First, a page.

Is Gen Z the answer to the labor shortage in the construction industry? Raised by Millennials who know that college is a hideously expensive and even dubious investment, the newest generation in the workforce knows that things can be done differently. They want real world experience, which lends itself to the trades re-emerging as an option: with apprenticeship, you’re making money while you’re learning. Leaders like Mandy Rennehan, Jamie McMillan and Mike Rowe are leading the charge here. If they got together, it might rip a hole in the space-time continuum. Thankfully, it looks like we’ll have plenty of young welders to join it back together.
BIM+ is out with a story about a new drone-deployed marker system developed by Israeli startup Civdrone. The tech uses a GPS-guided drone, aided by a robotic arm, to set marker pegs at specific locations. The data can then be read by smartphones. We think it’s a great example of using drones for something other than slick marketing videos. That’s only a fraction of what they can do. Photogrammetry and reality capture take it to the next level.
We have a saying on the pod –– well, now we do: You’ve got to talk to your concrete. BIM+ has another scoop this week on tech that could prove to be huge. Skanska and VolkerWessels are among 30+ European contractors using a new concrete strength monitoring system powered by the IoT and cloud technology. It embeds a sensor network inside concrete and uses a proprietary wireless signal to provide real-time data on its curing process, temperature and other structural-integrity metrics –– for up to 10 years. Rock on.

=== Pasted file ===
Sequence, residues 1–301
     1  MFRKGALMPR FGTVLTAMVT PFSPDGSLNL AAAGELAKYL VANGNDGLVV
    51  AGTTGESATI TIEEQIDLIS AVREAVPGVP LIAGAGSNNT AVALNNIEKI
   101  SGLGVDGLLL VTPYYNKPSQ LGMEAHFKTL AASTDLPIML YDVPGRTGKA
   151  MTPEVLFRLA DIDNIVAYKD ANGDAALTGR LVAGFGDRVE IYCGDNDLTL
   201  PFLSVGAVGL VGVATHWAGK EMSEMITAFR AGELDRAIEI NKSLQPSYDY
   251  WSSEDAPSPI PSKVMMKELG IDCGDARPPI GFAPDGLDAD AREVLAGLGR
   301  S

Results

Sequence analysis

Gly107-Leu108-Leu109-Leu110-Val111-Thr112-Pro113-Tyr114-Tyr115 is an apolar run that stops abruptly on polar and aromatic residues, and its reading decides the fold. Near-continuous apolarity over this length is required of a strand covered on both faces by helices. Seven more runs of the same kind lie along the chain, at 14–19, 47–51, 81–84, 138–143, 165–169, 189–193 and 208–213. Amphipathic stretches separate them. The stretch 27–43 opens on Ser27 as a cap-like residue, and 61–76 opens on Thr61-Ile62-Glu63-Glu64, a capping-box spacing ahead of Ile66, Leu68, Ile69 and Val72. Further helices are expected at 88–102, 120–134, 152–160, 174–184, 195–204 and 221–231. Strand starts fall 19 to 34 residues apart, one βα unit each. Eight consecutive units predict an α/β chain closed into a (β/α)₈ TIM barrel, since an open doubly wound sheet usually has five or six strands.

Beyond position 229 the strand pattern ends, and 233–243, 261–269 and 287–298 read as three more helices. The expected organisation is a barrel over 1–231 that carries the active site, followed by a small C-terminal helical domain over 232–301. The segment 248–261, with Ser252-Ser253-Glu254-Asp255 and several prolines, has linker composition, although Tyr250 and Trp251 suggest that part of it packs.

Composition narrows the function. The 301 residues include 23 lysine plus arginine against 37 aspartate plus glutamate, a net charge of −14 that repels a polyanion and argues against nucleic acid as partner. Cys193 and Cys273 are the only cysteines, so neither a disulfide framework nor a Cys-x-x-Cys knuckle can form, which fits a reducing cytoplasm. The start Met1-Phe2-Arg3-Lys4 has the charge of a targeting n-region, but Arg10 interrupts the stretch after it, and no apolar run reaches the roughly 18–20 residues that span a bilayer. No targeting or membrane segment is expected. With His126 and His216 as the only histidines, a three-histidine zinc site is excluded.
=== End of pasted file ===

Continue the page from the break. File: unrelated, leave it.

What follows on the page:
Naturally, Procore was the star of the show at Groundbreak. Here’s a roundup of their big announcements and our takeaways.
- First, it’s clear that Procore is making a big push toward the owner market with the Honest Buildings acquisition. They’re providing tools for owners to manage their portfolios and projects, mitigate risk, to control their data sets.It’s just one response to a long-time request from Procore customers for better integration. There are entire companies that have spun up just to serve as a bridge between Procore and itself.
- We’re impressed so far with the speed at which Procore is integrating acquisitions like Honest Buildings, as well as Construction BI. The data analytics/insight app, launched by Jason Ramsey in 2017, is now the Power BI app. Construction BI was already integrated with Procore, but now it’s going to be supercharged. We’re seeing a huge interest in analytics for the construction space and everyone knows that reports suck. Data visualization is the way we roll in 2019.
- The last big push at groundbreak was about community –– including the launch of Procore Community, a social and support network for users featuring forums, personalized news feeds and IRL meetups.Hungry for more Procore integrations from Groundbreak? Head over to our Twitter and Instagram feeds for interviews with Buildr, Triax, VisualLive and more geeks like us.
… and One More Thing*
Quote of the week:
“Just because you love something doesn’t mean you can’t suck at it.” –– Mike Rowe